The next episode shifted the dynamic of the show in a new direction. Then, through “Crossroads Part 1”, certain plot elements revived that feeling from the end of Season 1, of some impending change that would tear everything apart, just as had happened at the end of both previous seasons. But holy fuck was I unprepared. Through the latter half of “Crossroads Part 2” I was literally on the edge of my seat, and feeling an incredible mixture of dread and anticipation. And the show paid that off not once, not twice, not thrice, but FOUR TIMES in a row. It was mind-blowing once again.
The first half of Season 4 stubbornly refused to answer any of the looming big questions, but took everyone on a hell of an emotional rollercoaster. All previous notions of the show’s dynamics went up in the air, and characters really got put through the ringer more than ever before. And then that mid-season cliffhanger brought all the pieces crashing back down on the board in the most dramatic gutwrenching motion possible and I sat there, once again, slack-jawed and wide-eyed, unable to quite comprehend what I had just seen. Nothing could ever been as it was, and indeed it wasn’t.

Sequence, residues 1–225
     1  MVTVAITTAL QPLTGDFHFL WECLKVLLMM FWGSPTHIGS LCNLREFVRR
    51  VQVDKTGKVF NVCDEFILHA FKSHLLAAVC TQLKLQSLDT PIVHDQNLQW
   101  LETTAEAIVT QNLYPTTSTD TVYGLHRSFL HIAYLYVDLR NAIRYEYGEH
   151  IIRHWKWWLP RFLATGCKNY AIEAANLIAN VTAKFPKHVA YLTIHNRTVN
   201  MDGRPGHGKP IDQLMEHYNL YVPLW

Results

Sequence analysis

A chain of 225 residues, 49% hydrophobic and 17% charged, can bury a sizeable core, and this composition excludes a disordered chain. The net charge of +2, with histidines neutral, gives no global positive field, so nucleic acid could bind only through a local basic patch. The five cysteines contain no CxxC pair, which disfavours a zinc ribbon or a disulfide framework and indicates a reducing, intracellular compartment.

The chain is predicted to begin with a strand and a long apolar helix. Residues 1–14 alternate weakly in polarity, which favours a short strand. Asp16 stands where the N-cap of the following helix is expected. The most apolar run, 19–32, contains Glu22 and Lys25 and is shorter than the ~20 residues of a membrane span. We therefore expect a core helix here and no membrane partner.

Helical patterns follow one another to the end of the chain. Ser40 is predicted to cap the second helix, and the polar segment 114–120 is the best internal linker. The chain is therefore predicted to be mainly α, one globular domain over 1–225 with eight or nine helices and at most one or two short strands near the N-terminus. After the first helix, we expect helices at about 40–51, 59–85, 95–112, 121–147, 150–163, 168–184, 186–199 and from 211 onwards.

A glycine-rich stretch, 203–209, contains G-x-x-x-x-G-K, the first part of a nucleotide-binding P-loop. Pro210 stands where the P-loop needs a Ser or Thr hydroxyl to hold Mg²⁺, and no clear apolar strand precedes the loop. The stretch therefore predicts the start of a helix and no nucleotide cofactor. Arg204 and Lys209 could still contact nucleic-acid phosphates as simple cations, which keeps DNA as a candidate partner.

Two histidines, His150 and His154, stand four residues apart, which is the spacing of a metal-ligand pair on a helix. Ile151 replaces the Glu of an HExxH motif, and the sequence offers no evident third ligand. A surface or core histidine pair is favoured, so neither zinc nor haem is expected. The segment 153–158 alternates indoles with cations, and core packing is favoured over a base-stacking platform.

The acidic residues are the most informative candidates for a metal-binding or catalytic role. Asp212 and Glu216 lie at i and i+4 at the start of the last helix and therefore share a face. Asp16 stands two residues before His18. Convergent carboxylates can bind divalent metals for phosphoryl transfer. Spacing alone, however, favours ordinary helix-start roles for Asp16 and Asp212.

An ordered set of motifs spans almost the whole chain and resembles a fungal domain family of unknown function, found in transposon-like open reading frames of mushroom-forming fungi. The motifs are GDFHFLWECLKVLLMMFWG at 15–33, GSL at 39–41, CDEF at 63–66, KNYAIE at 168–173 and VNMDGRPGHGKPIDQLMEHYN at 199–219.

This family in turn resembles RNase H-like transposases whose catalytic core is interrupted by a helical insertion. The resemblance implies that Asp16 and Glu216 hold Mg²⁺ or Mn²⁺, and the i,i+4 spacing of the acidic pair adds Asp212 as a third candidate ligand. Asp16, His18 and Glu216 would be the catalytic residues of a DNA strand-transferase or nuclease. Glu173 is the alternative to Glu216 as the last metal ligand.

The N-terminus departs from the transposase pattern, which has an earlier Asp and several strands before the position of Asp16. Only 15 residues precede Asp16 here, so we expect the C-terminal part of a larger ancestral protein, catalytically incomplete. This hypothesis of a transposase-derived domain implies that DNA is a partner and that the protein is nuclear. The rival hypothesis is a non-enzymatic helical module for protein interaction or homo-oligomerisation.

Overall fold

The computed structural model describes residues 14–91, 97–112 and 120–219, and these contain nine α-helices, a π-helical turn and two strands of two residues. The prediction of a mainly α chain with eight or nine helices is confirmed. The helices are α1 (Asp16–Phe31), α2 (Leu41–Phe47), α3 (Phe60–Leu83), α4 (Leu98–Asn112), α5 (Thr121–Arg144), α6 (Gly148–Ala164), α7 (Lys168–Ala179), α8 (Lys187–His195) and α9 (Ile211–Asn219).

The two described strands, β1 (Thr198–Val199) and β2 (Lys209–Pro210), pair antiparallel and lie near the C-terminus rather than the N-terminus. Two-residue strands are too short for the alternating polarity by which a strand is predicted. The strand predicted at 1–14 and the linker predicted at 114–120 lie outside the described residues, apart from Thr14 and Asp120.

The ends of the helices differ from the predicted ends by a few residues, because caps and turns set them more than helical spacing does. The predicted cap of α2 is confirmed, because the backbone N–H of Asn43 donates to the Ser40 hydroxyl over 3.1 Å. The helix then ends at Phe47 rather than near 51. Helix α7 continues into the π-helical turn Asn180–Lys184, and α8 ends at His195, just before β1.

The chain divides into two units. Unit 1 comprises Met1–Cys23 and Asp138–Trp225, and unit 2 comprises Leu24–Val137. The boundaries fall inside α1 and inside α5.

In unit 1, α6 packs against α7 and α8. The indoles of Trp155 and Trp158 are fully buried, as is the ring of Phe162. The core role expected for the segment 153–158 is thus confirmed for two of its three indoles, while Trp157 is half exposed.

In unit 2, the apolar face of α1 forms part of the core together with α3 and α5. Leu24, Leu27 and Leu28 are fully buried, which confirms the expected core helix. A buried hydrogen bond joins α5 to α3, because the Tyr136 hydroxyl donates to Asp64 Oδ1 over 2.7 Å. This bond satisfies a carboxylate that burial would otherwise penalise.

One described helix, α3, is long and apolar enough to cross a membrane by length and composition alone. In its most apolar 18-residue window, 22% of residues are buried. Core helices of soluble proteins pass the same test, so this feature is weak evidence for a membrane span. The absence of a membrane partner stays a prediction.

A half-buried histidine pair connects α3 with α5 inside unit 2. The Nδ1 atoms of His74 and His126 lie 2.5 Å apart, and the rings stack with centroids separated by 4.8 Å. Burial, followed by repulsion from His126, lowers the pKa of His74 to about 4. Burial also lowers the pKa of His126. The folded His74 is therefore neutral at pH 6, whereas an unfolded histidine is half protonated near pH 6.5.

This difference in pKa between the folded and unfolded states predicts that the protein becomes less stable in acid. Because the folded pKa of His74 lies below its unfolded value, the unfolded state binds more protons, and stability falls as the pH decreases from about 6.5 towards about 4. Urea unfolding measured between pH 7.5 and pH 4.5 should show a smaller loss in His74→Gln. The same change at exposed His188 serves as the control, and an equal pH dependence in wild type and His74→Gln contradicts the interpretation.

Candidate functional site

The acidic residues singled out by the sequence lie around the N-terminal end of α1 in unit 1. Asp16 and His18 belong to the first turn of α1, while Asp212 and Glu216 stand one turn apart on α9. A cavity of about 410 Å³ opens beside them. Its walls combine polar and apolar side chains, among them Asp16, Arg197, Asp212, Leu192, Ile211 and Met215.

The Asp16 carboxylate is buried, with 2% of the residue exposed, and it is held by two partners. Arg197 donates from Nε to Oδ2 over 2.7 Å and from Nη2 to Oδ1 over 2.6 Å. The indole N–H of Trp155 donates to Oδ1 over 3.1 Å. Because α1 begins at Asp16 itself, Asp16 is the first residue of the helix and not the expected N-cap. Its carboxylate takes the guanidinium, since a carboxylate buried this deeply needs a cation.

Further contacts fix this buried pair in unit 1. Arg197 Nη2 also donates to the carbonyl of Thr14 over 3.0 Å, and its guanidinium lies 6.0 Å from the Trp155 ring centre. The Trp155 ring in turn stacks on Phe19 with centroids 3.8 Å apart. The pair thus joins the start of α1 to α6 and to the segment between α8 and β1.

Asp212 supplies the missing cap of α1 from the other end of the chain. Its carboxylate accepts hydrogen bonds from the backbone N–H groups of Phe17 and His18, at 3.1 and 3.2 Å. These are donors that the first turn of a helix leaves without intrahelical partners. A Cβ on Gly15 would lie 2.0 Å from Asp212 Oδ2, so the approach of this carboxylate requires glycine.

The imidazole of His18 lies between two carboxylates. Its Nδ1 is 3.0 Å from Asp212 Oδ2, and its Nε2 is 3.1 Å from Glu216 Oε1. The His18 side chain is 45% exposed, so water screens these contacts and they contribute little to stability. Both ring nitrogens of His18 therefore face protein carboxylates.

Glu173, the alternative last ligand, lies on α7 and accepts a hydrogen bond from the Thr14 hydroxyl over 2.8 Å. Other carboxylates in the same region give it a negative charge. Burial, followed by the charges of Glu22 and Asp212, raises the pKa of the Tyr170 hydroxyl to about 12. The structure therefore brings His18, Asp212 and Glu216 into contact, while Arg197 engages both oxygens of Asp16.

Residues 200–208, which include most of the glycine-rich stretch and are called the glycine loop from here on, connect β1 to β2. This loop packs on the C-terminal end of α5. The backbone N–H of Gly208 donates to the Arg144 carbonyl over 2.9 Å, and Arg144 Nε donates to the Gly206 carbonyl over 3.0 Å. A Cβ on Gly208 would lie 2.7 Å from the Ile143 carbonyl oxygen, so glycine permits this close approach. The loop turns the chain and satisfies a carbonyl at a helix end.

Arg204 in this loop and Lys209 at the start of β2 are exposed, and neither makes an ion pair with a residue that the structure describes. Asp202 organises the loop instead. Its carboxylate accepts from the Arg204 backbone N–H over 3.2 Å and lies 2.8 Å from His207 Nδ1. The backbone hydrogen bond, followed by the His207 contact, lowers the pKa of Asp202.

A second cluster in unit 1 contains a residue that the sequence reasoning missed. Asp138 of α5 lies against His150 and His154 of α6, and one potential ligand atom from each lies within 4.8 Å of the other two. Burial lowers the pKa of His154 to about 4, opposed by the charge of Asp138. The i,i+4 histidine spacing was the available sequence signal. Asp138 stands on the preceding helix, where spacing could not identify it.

After a horribly long wait for the second half, the remainder of the season has seen the direction of the show vanish, and the characters hopelessly trying to put a brave face on things and come up with some justifiable reason to go on. But the problem with watching this week-to-week is that it really did feel like it wasn’t going anywhere because there was nowhere left to go. Not that it wasn’t enjoyable, but it’s hard to judge this half-season, or even whole season, without the final word.
So as I await the conclusion of the last episode of latter half of Season 4, and the absolute end of the series, I have a mixture of emotions and feelings. On the one hand, I don’t want the show to end, because I enjoy watching it so much. But on the other hand, I desperately want it to end, because there has to be some resolution to the years of horrible suffering these people have gone through.